So Colombia passed on the film, but banked a huge amount of money. This could be a coincidence, yet having Universal produce the film also meant Colombia were in the clear to profit highly without the liability of Ray possibly threatening legal action. Also, Wilson took a USD 10,000 advance from Colombia under Ray’s name in the 1960s for a movie that was never made. It may be possible that the studio held onto that grudge. Nevertheless, all the ‘maybes’ in the world, no matter how convincing they are, add up to a big steamy pile of speculation.
What cannot be tossed into the ‘idle chatter’ drawer is the fact that Spielberg denied any possibility of being able to get hold of a copy of the script of The Alien, claiming he was a high school student at the time. This false statement still haunts Spielberg’s narrative of innocence.
Star Weekend Magazine looked up records and dates that refute Spielberg’s statement. He graduated from Saratoga High School in 1965 and joined Universal Studios in 1968 as an unpaid intern, the same time copies of The Alien were available around Hollywood.
Moreover, in 1969, Spielberg climbed the ladder and became one of the youngest directors ever to be signed up with a major Hollywood studio, like Universal, giving him even more access to scripts. Spielberg could have gotten confused and messed up the years, yet it seems strange he would forget the formative time period where he established himself as a force in Hollywood.
A point brought up by other sources, which is merely conjecture, is that ET, a box office legend, was not made into a sequel like other rave review Spielberg movies, such as, Back to the Future, which Spielberg produced, and Jurassic Park, which Spielberg directed. ET’s box office results grossed more than Back to the Future or Jurassic Park, despite being made before the two other major hits. America’s gargantuan film industry is not known for looking a gift horse in the mouth, however, for some reason unknown to the public, Spielberg or Universal decided not to further capitalize on ET. Perhaps it was because the negative publicity the movie received from Chabbra’s article on the similarities between Ray’s script and Spielberg’s final product, for it made nation-wide news. The Los Angeles times, in particular, reportedly ran with the story three times.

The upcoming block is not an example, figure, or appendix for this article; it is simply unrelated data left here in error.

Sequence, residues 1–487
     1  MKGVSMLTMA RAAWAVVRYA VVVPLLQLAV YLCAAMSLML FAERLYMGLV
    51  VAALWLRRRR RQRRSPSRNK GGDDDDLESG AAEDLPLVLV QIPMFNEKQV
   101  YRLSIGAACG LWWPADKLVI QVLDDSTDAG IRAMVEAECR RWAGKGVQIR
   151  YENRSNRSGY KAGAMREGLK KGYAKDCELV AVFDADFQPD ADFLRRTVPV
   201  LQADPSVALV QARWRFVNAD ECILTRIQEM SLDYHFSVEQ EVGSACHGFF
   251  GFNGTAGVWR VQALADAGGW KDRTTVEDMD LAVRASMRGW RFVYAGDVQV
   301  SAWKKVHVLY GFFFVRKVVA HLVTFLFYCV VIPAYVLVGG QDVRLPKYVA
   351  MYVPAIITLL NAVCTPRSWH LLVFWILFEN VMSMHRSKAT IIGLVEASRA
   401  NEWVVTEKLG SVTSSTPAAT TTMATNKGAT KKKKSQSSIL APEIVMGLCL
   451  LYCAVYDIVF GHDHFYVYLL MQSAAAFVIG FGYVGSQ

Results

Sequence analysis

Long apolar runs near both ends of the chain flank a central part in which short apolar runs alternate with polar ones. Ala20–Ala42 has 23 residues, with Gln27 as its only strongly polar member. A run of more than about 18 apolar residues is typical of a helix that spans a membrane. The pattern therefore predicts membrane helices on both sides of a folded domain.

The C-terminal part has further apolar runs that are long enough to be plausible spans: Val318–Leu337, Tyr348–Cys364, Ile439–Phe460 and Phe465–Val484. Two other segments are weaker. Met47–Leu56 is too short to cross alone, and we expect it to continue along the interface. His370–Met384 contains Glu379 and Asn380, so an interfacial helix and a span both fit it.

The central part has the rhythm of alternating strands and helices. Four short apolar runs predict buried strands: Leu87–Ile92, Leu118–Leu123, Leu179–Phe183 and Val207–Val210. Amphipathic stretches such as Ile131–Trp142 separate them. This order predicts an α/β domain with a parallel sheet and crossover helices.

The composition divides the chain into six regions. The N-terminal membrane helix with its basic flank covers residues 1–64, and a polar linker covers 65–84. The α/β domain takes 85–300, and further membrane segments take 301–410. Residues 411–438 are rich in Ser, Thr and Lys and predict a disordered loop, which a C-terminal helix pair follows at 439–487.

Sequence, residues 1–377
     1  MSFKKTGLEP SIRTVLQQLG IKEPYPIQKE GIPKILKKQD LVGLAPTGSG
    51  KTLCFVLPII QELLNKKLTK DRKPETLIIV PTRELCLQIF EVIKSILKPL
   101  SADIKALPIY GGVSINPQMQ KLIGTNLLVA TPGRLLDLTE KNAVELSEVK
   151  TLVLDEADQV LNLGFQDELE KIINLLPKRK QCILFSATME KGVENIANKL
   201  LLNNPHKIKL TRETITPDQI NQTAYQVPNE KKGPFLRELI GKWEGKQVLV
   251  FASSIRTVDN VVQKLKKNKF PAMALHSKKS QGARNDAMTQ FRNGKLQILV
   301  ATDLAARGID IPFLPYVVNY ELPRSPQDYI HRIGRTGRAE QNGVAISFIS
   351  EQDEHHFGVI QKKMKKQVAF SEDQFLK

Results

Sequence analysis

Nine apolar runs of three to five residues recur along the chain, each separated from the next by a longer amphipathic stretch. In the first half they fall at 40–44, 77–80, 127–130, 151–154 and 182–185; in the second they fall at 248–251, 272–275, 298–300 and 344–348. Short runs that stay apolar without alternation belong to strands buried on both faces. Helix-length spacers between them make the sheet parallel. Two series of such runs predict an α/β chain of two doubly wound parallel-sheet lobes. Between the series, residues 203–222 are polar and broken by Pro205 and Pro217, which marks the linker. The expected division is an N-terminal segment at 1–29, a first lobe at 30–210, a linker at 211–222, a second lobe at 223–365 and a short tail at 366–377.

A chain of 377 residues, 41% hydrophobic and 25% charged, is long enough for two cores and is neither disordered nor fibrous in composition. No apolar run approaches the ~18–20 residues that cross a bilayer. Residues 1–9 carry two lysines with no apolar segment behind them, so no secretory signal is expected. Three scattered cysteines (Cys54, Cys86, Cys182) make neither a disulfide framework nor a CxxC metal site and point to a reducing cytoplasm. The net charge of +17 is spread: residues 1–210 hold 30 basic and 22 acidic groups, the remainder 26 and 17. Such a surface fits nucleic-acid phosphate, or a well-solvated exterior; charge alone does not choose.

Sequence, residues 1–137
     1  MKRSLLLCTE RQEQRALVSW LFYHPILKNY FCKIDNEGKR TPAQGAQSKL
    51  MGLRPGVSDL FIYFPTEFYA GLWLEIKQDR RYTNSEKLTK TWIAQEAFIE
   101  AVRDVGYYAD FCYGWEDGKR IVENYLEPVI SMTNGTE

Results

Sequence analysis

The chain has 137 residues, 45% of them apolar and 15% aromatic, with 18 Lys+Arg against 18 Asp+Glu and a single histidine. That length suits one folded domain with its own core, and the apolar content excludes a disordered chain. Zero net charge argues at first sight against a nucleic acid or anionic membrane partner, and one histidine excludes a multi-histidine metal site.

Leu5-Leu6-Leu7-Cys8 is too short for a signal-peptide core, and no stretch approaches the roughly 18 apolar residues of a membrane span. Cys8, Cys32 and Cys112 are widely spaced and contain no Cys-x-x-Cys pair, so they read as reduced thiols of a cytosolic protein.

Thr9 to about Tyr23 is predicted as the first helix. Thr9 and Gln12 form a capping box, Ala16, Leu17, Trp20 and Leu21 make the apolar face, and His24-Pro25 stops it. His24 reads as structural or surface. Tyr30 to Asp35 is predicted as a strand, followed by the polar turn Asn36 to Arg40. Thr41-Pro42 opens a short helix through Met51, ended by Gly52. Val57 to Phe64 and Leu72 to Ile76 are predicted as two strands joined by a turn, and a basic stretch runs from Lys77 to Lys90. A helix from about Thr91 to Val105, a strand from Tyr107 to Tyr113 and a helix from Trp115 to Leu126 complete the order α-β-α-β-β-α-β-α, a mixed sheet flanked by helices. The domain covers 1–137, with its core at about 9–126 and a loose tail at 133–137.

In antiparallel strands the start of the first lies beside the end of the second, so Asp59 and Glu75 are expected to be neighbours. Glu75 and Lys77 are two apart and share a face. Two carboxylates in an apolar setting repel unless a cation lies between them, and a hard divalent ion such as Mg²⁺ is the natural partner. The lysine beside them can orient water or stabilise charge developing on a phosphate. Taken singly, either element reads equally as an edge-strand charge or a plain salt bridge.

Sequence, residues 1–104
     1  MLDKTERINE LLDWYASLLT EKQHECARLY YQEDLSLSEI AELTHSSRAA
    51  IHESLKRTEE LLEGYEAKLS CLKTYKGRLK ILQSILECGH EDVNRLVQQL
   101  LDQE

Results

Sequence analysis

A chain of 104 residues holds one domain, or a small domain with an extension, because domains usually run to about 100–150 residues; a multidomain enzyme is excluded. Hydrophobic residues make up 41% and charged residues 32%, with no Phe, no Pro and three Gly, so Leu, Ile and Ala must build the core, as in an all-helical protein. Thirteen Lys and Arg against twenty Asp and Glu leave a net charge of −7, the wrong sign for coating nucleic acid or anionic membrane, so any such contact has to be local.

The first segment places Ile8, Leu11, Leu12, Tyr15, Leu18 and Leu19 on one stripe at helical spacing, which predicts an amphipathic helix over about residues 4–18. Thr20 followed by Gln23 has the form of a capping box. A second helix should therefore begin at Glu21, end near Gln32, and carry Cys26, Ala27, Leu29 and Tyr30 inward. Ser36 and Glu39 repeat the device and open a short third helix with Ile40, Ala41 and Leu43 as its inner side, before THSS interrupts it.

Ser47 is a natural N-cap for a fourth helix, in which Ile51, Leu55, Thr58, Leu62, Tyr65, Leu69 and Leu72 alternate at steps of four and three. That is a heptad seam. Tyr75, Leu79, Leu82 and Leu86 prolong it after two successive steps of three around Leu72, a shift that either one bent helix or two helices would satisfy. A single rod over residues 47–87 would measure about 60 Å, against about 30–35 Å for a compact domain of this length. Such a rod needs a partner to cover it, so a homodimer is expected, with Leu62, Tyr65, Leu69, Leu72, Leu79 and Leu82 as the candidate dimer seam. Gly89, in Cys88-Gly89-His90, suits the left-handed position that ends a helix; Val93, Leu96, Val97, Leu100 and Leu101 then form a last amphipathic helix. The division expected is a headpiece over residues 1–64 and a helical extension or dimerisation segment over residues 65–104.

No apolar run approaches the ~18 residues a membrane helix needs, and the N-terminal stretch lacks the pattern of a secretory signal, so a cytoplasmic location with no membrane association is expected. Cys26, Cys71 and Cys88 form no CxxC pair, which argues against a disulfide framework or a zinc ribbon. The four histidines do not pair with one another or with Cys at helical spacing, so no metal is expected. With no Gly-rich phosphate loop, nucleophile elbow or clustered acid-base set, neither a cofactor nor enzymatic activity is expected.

What isn’t conjecture is that Spielberg and his studio, DreamWorks, have been accused of plagiarism on several occasions, which includes movies like Amistad, Chicken Run, Twister, and What Lies Beneath, among others. However, Spielberg’s tactics are often to settle out of court or have an army of lawyers counter sue, so technically, he has never openly admitted to plagiarism.
ET is a very personal film according to Spielberg. “E.T. was about the divorce of my parents, how I felt after my parents broke up,” Spielberg once admitted. “[It was] the first movie I ever made for myself.”
He further recalls the idea behind the film was borne from a feeling, “like when you were a kid and had grown out of dolls or teddy bears.” He continued, “You just wanted a little voice in your mind to talk to. I began concocting this imaginary creature, partially from the guys who stepped out of the Mother Ship for ninety seconds in Close Encounters .”